Donald Trump will be sworn in as America's 45th President on Friday, but finding the right soundtrack has not been easy.
For a man who used to take pride in mingling with the A-listers, Mr Trump has found himself unprecedentedly short of support when it comes to pumping up the party.
At his predecessor's inauguration ball back in 2009, We Are One brought together Jay Z, Steve Wonder and Beyonce - among others.
Mr Trump, on the other hand, will have to make do with less famous names such as The Piano Guys, the Mormon Tabernacle Choir and The Frontmen of Country.
Even Bruce Springsteen, whose Born in the USA was used to exhaustion by the Trump campaign, has called the President-elect a "moron" and said he "undermined the entire democratic tradition".
Perhaps unsurprisingly, The Boss was not invited by the Inaugural Committee to perform for Mr Trump.
Instead, here's a list of all those who declined and those who accepted the invite to play in the show dubbed "The Make America Great Again! Welcome Celebration".
Who WILL NOT be playing for Donald Trump:
Reportedly a favourite of the President-elect, the Rocket Man was once listed by Mr Trump's transition team as the show's headliner - and an example of the newcomer's "pro-gay-rights stance".
But a statement from the singer's publicist was quick to deny his appearance, writing: "Incorrect. He will NOT be performing."
After TMZ first reported the Italian tenor was performing side-by-side with America's Got Talent star Jackie Evancho, The New York Post said Mr Bocelli decided not to perform for "fear of a public backlash".
The Canadian superstar reportedly denied the invite, but not for political reasons.
According to TMZ, Celine was approached by her Las Vegas production company, but was already booked to perform on the same night.
A country star fits the profile of the bible-belt states where Mr Trump finds most of his supporters, but Brooks refused the invitation with a Facebook video, saying: "In the immortal words of Martin Luther King, the most durable thing that we've known is love.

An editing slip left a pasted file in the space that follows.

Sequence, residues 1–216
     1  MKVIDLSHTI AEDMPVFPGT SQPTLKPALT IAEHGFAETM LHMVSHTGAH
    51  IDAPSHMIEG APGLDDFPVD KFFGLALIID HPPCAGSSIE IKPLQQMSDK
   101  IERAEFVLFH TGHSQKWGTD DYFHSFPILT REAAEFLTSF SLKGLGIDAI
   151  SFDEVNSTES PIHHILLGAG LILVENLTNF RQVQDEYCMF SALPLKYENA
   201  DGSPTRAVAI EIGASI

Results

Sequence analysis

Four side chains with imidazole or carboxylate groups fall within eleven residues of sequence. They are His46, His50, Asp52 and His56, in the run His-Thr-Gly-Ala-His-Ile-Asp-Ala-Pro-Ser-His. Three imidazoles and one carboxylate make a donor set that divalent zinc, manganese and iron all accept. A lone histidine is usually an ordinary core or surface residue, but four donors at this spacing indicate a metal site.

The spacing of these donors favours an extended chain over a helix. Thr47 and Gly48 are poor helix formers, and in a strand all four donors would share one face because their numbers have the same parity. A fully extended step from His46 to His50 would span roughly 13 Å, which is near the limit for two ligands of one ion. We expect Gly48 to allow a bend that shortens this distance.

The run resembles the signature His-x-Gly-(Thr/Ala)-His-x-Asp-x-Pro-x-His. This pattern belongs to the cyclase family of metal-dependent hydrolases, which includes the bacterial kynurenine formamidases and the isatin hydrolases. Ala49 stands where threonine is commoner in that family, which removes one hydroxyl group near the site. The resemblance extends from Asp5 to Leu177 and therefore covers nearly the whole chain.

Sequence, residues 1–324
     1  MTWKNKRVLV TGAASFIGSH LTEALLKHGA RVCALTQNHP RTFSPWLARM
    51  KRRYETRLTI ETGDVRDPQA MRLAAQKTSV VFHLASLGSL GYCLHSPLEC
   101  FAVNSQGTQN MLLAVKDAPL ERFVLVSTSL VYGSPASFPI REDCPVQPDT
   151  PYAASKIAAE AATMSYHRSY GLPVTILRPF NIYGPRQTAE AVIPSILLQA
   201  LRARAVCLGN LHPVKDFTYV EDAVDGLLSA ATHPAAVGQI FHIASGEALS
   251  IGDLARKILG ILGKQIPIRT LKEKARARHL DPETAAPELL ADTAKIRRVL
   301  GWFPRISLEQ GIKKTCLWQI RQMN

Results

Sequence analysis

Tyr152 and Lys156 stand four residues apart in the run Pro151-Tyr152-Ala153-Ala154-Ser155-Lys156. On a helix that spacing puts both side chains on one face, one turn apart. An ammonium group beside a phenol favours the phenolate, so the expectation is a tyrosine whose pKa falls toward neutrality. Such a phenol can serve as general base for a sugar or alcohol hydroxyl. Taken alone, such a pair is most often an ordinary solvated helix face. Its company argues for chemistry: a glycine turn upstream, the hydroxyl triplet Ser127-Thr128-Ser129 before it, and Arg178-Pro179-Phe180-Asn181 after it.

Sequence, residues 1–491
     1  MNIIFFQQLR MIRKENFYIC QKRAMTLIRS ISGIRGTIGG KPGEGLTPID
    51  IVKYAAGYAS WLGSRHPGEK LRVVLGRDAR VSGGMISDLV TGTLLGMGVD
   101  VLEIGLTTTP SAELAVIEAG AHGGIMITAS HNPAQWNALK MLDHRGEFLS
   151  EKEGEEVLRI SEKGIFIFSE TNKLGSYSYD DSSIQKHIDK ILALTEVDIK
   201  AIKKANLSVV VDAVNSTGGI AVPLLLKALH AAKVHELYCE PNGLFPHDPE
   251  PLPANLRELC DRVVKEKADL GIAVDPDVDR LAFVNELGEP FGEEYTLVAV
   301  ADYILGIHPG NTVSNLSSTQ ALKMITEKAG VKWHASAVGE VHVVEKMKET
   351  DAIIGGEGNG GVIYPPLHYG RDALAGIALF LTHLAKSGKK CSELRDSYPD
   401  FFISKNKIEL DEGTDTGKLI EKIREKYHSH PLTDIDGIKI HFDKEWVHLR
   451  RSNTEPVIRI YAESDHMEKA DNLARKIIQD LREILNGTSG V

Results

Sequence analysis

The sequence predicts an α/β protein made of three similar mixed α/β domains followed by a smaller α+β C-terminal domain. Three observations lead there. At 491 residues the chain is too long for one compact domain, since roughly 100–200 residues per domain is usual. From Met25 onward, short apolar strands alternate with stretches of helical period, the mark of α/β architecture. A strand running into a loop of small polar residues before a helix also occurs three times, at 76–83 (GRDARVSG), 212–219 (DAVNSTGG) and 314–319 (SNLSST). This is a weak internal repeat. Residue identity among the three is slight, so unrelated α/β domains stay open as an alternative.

"Again, can't thank the Obamas enough for serving this country, and may God hold Trump's hand in the decisions that he makes in this country's name as well."
Real name Richard Melville Hall, the American DJ laughed off Mr Trump's invitation, with a tweet saying: "I was just asked by a booking agent if I would consider DJing at one of the inaugural balls for #trump... Hahahahaha, wait, Hahahaha, really?"
He later suggested he would DJ if the President-elect released his tax returns.
The former X Factor runner-up said she would "graciously accept" to sing at the ceremony, on one condition.
Ferguson said she would only perform the civil rights protest song Strange Fruit - a track of historical significance which, according to Ferguson, "was blacklisted in the United States for being too controversial".
She later refused to sing, as did...
The Welsh singer tweeted: "Your staff have asked me to sing at your inauguration, a simple Internet search would show I think you're a tyrant."
Who WILL be playing for Donald Trump:
The country singer is the biggest name in the line-up. Keith is performing on Thursday's pre-inaugural ceremony, and has refused to "apologise for performing for our country or military".
Another big name in the country/Americana genre, Greenwood says singers "should never use the stage as a political pulpit".
3 Doors Down
Arguably the second biggest name of the show, the Mississippi band lost its momentum after the release of the 1999 hit Kryptonite.
Playing at Trump's inauguration, the band hope to bring back the old flame but have faced online criticism.
Swinging between number one and two at Billboard's Classical Musica chart for the past two months, Evancho's Someday at Christmas album has been on the rise since the announcement she would perform at the inauguration.
"Jackie Evancho's album sales have skyrocketed after announcing her Inauguration performance," the President-elect said in a tweet. "Some people just don't understand the 'Movement'."
The Oscar-winning actor and father of UN ambassador Angelina Jolie has been one of the few vocal Trump supporters in Hollywood.
The conservative star sparred with Robert De Niro - after the Raging Bull star called Voight "delusional" - and even made a video "plea to save America".
At the ceremony, Voight will presumably speak, rather than sing.
There are a few duos, quartets, supergroups, marching bands, big bands and choirs scheduled to play. These include The Radio City Rockettes, The Mormon Tabernacle Choir, The Frontmen of Country, The Piano Guys, Tim Rushlow & His Big Band and Big & Rich.
Sky Atlantic will have a special report tonight on the legacy of Obama's presidency, at 8pm.